Top leaders of political parties often exhibit large crowd of their followers in the party conventions, organise fanfare and mobilise media yet forget that assembling a huge crowd without proper civic education to them, apt policy debate, ideological construction and proper leadership succession and accommodation demonstrate mere ostentation of wealth and personality cult amounting nothing in terms of substantive outcome for the majority of people, other than race for power. This makes them non-stakeholders of polity and often prompts them to change sides thus causing the deinstitutionalisation of the party system in Nepal. The jubilation of all kinds of regimes in Nepal by the people means they are not sufficiently enlightened to make a distinction between democracy and its processes and its anti-thesis and evolve shared imperatives to prove that democracy circulates new elites in power and serves better than other regimes.

 The third tendency is the articulation of “leadership transformation” in the general convention of various parties without imbibing its essence in their own personal lives and renewal of trust in the politics of the nation. Nepal has already undergone a major structural transformation when the nation was declared a secular, federal, democratic republic. Yet, the search of people for alternative leadership capable of driving the nation and party in difficult times persists. One can see now the change of paradigms in the nature of foreign policy, the state, constitution, polity, governance, political parties, civil society, economy, education, communication and security is affecting Nepal’s democracy. Yet, their execution remains highly slanted as one reveals continuity in the leadership political culture which is highly personalised, centralised, unconnected to public accountability and constitutional duties.

Gautam Buddha is right when he says that if you want to change the world you must have courage and wisdom to change yourself first. It is the basic logic of transformation in the social psychology and political culture of the nation.  Leaders are regarded as a role model for the society and their vision and the harmony of ends-means relationship counts in politics. When top leaders wall off their rivals, they will naturally veer to strengthen their links with other parties and leaders or split, not strengthen their own mother party practicing the democratic tools of negotiation, compromise and accommodation of legitimate interests. Nepali left parties, long socialised in the melody of leader-oriented consensus politics, not a sense of personal liberty and competition, favoured split and kept relentless hostility to each other than engaged in factional compromise of interest for party unity.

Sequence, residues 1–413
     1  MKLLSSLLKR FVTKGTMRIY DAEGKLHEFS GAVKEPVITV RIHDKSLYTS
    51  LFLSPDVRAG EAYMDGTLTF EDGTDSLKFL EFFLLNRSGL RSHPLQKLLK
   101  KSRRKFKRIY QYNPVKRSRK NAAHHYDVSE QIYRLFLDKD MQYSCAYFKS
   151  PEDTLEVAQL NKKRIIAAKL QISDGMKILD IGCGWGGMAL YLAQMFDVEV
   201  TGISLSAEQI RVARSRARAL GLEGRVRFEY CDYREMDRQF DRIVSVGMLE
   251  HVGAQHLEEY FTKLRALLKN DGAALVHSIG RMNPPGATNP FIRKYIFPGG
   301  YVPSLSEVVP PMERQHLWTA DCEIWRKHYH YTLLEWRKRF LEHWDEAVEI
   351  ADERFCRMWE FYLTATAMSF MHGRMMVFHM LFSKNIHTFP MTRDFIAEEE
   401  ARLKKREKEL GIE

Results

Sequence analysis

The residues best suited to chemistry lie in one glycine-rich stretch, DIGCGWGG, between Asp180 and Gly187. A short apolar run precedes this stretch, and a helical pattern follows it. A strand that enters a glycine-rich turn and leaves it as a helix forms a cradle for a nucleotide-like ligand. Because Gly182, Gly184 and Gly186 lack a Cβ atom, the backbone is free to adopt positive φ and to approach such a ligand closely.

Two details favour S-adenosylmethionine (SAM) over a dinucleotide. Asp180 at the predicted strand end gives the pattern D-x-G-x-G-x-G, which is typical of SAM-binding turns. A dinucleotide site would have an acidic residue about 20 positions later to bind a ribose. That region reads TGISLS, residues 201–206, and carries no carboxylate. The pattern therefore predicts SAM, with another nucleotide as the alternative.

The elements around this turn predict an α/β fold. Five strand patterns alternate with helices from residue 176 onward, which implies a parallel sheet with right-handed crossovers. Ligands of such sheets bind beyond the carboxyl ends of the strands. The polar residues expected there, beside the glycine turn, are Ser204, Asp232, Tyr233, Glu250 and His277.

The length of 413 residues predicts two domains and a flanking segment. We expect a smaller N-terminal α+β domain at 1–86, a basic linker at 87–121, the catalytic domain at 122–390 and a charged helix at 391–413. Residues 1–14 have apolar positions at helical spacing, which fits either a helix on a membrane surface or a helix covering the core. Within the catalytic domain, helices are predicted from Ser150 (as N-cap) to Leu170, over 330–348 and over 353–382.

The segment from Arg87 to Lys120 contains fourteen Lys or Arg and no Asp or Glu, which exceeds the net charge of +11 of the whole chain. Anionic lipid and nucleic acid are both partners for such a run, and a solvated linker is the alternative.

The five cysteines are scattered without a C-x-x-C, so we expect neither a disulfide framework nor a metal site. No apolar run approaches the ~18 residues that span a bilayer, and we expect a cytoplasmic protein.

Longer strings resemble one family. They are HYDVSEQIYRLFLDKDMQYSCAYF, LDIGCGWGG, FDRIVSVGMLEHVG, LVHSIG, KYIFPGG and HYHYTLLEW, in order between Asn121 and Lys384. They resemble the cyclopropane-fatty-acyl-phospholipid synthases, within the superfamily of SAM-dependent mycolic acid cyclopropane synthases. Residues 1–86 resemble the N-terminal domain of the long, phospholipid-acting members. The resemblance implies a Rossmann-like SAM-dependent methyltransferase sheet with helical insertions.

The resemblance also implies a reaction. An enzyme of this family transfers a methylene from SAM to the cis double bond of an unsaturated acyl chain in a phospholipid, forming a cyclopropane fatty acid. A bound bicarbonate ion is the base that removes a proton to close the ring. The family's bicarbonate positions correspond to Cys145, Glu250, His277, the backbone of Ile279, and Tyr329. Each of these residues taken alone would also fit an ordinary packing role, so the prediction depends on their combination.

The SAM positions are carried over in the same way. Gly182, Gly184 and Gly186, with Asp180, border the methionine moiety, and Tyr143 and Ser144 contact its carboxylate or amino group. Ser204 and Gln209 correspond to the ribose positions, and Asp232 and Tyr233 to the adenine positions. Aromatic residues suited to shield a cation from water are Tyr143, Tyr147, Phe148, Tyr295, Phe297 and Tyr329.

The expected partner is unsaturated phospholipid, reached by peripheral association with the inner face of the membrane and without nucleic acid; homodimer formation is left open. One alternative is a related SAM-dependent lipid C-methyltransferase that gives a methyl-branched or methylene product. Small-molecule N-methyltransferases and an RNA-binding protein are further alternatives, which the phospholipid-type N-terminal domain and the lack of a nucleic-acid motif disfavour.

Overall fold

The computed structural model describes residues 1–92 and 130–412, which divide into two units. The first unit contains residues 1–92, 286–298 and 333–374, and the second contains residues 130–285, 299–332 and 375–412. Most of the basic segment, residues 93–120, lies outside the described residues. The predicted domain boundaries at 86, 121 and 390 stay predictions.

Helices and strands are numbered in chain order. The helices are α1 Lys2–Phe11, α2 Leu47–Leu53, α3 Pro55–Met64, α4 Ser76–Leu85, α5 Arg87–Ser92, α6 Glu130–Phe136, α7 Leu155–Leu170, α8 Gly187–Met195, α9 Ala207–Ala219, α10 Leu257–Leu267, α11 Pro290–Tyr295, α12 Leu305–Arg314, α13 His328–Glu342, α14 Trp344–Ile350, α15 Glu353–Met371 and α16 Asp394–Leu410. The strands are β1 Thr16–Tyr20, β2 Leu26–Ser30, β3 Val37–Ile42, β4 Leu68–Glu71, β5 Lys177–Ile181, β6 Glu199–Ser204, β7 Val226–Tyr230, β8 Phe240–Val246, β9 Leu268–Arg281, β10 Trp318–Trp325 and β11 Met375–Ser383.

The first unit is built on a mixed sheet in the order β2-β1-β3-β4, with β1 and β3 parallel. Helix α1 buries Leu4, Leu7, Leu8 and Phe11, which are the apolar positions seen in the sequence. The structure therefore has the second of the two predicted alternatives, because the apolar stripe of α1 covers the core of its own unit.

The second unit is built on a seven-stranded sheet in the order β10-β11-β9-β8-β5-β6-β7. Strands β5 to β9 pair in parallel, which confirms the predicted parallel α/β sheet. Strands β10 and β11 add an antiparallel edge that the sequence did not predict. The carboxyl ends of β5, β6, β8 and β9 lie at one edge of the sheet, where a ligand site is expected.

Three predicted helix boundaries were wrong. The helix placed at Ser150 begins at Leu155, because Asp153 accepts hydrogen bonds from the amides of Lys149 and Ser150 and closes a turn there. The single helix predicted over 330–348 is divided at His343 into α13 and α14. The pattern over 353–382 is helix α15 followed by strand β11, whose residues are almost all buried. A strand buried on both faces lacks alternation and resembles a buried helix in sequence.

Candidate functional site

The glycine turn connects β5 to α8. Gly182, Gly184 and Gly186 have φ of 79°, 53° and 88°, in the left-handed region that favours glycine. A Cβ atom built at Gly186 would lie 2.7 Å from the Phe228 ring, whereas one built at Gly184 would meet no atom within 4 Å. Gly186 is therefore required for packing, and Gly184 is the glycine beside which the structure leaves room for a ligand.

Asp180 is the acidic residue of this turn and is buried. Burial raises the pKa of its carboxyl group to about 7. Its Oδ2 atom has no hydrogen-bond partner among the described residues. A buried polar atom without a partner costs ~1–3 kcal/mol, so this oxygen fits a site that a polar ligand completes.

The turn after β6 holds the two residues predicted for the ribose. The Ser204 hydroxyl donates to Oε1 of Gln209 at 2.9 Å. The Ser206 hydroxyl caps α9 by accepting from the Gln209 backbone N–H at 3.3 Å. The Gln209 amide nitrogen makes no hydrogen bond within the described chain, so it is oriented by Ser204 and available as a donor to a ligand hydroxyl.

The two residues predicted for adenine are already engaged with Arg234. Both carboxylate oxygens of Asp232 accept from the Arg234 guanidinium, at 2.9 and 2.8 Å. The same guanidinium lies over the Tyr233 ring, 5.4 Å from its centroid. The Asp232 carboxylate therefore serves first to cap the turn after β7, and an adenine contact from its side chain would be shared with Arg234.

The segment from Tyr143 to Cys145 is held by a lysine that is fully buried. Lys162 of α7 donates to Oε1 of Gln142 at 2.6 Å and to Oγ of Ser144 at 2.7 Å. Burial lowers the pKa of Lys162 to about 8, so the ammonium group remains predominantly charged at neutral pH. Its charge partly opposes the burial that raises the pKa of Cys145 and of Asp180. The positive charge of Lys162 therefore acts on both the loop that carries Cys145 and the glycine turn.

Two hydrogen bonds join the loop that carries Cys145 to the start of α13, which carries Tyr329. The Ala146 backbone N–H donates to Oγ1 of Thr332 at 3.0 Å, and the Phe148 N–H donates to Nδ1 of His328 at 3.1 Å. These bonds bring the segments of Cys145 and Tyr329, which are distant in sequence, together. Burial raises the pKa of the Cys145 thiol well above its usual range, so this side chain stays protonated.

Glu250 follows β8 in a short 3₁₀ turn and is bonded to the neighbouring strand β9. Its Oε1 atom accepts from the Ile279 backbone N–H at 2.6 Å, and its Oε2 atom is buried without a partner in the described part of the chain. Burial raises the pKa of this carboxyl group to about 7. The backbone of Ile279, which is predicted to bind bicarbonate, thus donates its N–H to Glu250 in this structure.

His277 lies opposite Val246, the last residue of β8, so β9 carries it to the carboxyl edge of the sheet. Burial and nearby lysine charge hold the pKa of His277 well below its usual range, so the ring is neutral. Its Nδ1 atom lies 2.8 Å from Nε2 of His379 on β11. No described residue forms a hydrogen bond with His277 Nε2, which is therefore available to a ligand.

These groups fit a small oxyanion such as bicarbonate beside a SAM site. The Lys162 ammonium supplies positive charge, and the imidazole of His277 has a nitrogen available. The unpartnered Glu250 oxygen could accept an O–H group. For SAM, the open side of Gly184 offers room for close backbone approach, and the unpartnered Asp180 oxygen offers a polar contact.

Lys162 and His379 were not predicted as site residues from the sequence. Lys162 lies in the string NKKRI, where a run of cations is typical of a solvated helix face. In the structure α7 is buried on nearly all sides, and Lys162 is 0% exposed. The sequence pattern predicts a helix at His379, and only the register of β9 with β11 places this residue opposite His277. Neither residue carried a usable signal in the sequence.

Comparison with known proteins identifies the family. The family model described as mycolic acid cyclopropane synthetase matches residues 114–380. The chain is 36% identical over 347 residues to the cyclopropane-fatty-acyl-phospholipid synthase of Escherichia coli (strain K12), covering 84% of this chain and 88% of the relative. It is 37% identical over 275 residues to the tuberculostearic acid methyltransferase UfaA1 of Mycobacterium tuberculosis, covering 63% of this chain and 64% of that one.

Personality difference among the unchanged intuition of leaders of RPP, NC, UML, Maoist Centre and Janata Samajbadi Dal has made messy time for their internal coherence while externally fostered shaky public institutions and a pliant, backlogged judiciary caught in political deadlock spurred by the stir of logic-chopper lawyers. As a result, public intellectuals often ask the creditworthiness of Nepali leaders to engage in inclusive transformation. In the future social, gender and intergenerational tension in Nepali parties will mount while party elections will swing back against yes-men mentality thus tumbling the scope of winner’s curse for democratic rule.

The fourth is the socialisation of cadres, voters and the general public along partisan frames. It has turned politics into a multi-polar drama of political actors, not conforming to the spirit of constitution. It has put a stress on the ethos of constitutionalism like the curse of sati, popular among Nepalis since medieval times for every wrong of the nation and keeping the nation away from the achievement-oriented path of modernisation. Top leaders across the parties habitually change the constitution to fit their passion and issues rather than adopting constitutional behaviour thus plunging majority decisions often controversial and resorting to the court to rectify which has witnessed itself being greatly politicised.

Political cleavages
Fragmented opposition in Nepal may be good for the government’s survival in the short run but their cacophonous socialisation and action have bubbled up political cleavages and devalued the efficacy of mainstream parties to govern the nation in a right way. The winner’s curse in Nepal arose out of the incapacity of leaders to manage the incoherent ambition, interest, identity and ideologies of various factions with the parties and across inter party lines beyond leadership consensus for power sharing.

The fifth is persistent disharmony between the adoption of universal public policies such as SDGs and absence of adequate resources of the Nepali state to fulfil them. It has turned Nepali politics aspiration-fuelled, not stability-driven for executing the goals of governance. The formation of NGOs, civil society, INGOs, community groups, media, etc. around the sectoral interests of SDGs has resulted in a lack of coherence and collective action. The growing power of special interest groups and power brokers has imperilled Nepali democracy’s resilience to withstand the national challenges unless leaders learn from their failures and overcome the psychology of winners’ curse through their cognitive improvement that tells something new to the people. 

(Former Reader at the Department of Political Science, TU, Dahal writes on political and social issues.)